Saturday, September 03, 2016

The beat of your own drums

Or, why homeless musicians are a thing

(Published in Business Standard today)

When I was 7 years old, my mother found me at the kitchen table weeping with anxiety because I couldn’t see how I’d ever be able to pay rent. She laughed and said that everything would work out. But my dark foreboding came horribly true. At 44 I’m still at her kitchen table, and she isn’t laughing anymore.

We have lived happily together for years, in a compact that has called for only a little accommodation of each other and even less logistical dependence. We have survived all kinds of delicate interpersonal situations, including a steady chorus of people strongly encouraging her to throw me out—a suggestion that she put aside with some wistfulness. But we have finally reached an intractable place that requires a shakeup.

The problem is my drum set. It’s not going with her sofas.  

I know, right? I tucked the thing so far into a corner of the living room that you need to use an ouija board to catch as much as a glimpse of its softly glowing metal and the handsome shine of its black-painted wood. It’s completely silent as long as I don’t play it, which I don’t while she’s in the house. Not going with her sofas—pfffft! She can be so unreasonable—especially since she is responsible for my buying the thing. That’s right, she’s the one who forwarded me the email from someone who was selling an old but excellent kit, in pristine condition, for the price of three or four posh martinis. Her accompanying message read: ‘In case someone in your music circle is interested.’

How was I supposed to know that that person would be me? Fate is a wondrous, numinous thingyjig that we should trust and respect.

So anyway, I’m house hunting. Turns out nobody wants to rent a flat to an Indian. “Don’t worry, uncle,” the broker told one landlord on the phone, “she’s Indian, but she’s like a foreigner only.” This admirably acute and very annoying statement is what got us in the front door everywhere we went.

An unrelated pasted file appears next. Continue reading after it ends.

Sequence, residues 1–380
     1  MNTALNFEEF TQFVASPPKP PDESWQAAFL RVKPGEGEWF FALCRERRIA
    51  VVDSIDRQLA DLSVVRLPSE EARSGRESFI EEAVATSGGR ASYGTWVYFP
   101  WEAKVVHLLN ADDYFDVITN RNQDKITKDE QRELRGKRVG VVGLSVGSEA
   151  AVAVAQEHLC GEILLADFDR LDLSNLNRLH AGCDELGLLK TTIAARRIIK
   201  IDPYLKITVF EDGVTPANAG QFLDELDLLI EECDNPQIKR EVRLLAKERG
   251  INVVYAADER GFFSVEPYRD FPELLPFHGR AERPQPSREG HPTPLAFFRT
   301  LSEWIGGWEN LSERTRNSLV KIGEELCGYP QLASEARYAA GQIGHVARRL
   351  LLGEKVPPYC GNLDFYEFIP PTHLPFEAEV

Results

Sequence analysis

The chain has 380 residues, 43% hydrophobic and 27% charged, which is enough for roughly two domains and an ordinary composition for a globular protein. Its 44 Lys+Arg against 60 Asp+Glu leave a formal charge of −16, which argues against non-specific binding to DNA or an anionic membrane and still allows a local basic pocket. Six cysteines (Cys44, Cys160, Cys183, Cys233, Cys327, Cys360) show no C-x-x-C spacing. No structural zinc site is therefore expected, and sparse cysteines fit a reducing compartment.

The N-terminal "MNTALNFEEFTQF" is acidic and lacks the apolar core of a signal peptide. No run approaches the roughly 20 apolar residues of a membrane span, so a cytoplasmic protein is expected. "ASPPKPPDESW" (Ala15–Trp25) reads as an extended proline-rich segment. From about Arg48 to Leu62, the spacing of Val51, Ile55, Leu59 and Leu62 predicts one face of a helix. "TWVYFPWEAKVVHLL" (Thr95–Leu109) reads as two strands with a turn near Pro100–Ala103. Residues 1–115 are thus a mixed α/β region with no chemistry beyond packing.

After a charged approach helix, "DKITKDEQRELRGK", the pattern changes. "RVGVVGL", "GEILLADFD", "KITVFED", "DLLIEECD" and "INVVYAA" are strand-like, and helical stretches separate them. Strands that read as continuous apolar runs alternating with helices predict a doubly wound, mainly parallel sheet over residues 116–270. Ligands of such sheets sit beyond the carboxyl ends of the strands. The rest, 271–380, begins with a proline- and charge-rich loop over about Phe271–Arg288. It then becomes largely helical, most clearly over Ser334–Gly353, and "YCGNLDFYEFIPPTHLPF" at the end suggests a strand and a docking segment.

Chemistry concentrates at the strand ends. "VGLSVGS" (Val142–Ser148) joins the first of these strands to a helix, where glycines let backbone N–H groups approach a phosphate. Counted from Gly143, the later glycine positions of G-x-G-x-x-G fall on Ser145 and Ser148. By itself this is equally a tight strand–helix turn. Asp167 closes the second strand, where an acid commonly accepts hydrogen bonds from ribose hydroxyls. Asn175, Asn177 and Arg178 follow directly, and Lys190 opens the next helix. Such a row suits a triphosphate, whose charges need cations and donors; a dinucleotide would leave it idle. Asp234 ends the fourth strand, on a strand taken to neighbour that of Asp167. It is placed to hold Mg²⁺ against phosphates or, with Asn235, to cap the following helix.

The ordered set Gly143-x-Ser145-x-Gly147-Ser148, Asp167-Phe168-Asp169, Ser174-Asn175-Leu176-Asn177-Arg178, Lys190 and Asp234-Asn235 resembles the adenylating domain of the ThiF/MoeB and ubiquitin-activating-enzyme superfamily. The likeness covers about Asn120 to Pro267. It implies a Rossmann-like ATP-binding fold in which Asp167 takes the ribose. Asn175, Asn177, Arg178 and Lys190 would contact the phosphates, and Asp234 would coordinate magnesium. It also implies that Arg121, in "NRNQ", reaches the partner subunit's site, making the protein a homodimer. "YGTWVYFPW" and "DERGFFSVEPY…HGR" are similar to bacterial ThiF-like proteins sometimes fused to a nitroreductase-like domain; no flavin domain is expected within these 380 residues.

One rheumy-eyed nonagenarian landlord smiled and smiled and said I could have the flat for whatever I wanted to pay for it, and he would fix it up any which way, and please when was I moving in. I was about to hand him Rs 10,000 and fetch my suitcase, when the broker murmured, “You’ll have to speak to aunty also.”

Aunty turned out to have a much more investigative streak. 

You will live alone? Yes. You have friends? Yes. Girl friends? Friends of both kinds. They will visit? Yes. They will spend the night? Yes, sometimes.

Her smile faded—and we hadn’t even gotten to the drums. That elderly couple would have been dreamy landlords in that they would never have detected the sound of the drums. I mentally bid farewell to that utterly charming, breezy, leafy flat. 

The broker was apologetic. “These days,” he said, “boys go to girls’ houses and girls go to boys’ houses, but what to do, she is from another time.” Listen, I replied, I’m not going to lie, and I won’t be questioned after I move in, so don’t bother showing me anyplace where the proprietor will have a problem.

I’m a single Indian woman, I have unpredictable hours and overnight guests, I’m stubborn as a mule, and I like practicing the drums. How hard can this be?

So far, the only person who desperately wants to house me on my terms is the broker, but I’m having fun looking. I figure there’s nothing like having your own kitchen table at which to sit and weep over paying the rent.